0ctober 27th and 28th 2023

Its Only A Movie  Horror Film Festival

at The Rivoli Theatre Springville, UT

The 2023 IOAM fest coven has convened and dark plots are afoot. Reach into the dark corners of your soul and create up to 8 minutes of  your most horrifying storytelling, but don't freak out... 

Its Only a Movie

Thank you all who submitted and attended the 2022 IOAM Festival. The show was a roaring success for the organizers and the Rivoli. We cannot wait to see what the Utah community brings us in 2023!

The spookiest festival in the greater Springville area.

The rules are, under 8 minutes and PG13ish. The festival will have lots of cool events and spooky things to watch. The final schedule might not be available till the week before as we are going to need to see how many submissions we get. So steel yourself and summon your courage but don't fret... Its Only a Movie.


The Films

 No Films have been submitted yet! You better help with that

The Rivoli Theatre

The Rivoli Theatre

254 S Main St, Springville, UT 84663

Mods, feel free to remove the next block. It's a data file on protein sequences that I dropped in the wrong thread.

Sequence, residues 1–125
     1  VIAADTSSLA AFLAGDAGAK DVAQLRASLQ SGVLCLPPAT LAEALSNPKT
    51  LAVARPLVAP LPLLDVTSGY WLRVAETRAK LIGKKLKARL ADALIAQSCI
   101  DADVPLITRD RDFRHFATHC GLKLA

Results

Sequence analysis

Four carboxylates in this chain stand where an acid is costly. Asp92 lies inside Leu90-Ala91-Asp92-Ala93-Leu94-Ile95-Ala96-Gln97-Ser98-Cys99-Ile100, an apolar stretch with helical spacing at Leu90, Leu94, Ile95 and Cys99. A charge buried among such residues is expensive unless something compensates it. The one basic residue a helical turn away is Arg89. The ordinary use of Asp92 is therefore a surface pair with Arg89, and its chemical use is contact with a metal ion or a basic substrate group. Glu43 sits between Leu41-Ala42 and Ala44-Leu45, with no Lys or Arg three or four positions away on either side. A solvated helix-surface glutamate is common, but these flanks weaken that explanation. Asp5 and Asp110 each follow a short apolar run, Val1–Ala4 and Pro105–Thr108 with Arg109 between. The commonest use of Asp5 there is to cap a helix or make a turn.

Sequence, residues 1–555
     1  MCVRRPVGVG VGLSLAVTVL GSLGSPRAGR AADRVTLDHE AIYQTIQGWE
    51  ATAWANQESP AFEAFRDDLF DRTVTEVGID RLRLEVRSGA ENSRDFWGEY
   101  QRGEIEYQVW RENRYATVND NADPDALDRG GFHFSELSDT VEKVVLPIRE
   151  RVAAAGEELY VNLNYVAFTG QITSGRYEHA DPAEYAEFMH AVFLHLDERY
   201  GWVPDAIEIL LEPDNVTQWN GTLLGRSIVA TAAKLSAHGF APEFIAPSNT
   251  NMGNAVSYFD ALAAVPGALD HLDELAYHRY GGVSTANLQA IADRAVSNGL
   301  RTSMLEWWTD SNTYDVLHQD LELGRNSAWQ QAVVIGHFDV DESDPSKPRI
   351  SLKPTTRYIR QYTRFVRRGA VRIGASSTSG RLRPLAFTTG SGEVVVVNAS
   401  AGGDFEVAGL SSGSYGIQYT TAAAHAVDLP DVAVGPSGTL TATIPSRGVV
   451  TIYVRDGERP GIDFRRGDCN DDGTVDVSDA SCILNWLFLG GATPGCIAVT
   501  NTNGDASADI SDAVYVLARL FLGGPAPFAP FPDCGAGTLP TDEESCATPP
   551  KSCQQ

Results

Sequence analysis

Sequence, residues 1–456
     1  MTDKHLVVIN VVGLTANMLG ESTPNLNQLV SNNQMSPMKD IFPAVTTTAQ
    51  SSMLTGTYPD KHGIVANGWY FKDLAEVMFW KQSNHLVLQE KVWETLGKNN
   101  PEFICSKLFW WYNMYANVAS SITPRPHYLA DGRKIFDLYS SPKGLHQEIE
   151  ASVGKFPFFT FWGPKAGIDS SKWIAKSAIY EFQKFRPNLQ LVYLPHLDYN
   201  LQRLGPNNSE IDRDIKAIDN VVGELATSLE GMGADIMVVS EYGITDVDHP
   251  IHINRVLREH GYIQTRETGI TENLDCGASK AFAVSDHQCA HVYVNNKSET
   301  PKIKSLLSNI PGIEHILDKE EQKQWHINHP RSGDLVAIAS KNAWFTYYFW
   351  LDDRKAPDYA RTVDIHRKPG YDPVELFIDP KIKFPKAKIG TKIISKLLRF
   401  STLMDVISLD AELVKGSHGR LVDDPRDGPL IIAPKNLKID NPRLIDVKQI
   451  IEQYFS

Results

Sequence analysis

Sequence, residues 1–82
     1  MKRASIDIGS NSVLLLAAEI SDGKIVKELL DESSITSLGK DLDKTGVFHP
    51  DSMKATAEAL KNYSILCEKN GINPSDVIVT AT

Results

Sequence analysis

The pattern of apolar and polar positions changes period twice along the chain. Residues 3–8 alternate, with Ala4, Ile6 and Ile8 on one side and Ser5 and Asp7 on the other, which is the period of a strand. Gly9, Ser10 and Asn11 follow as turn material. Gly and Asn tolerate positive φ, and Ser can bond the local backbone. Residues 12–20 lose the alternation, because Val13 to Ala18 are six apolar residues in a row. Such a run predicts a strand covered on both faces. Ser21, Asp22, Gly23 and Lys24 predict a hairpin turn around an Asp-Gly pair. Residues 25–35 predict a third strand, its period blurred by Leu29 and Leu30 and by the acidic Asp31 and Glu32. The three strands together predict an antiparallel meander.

The Rivoli Theater under the ownership of Emil Ostlund first opened its doors to the public on December 22, 1927 with its first movie presentation, a silent picture titled “Loves of Carmen.”

The Rivoli was note the first movie house to open in Springville. The Star Theater in the block north of the Rivoli had been in operation for several years, but would soon give way tothe more progressive Rivoli which added a sound system for the “talkies” in 1929.

The movies, along with radio programs, became the most popular forms of public entertainment and movie going by the late 1920s was a regular habit for many Springville adults and younger people alike. New films were released in great quantity as Hollywood capitalized on the vast appetites of the film loving public. New films opened two or three times a week and the Rivoli audiences responded enthusiastically when the big stars of the day like Clara Bow, Douglas Fairbanks and Mary Pickford graced the silver screen.

Through the depression years of the 1930s and the war years of the 1940s patrons flocked to the movies for a brief respite from tough economic times and wartime worries. There were also newsreels for keeping up with current events.

Adding to the fun were live performances of trained chimpanzees and mesmerizing magicians. This mix of filmed and live entertainment continued until 1967 when Carl Lind, a new owner, remodeled the theater and renamed it the Villa. A few years later another group acquired the theater and it became the Villa Playhouse.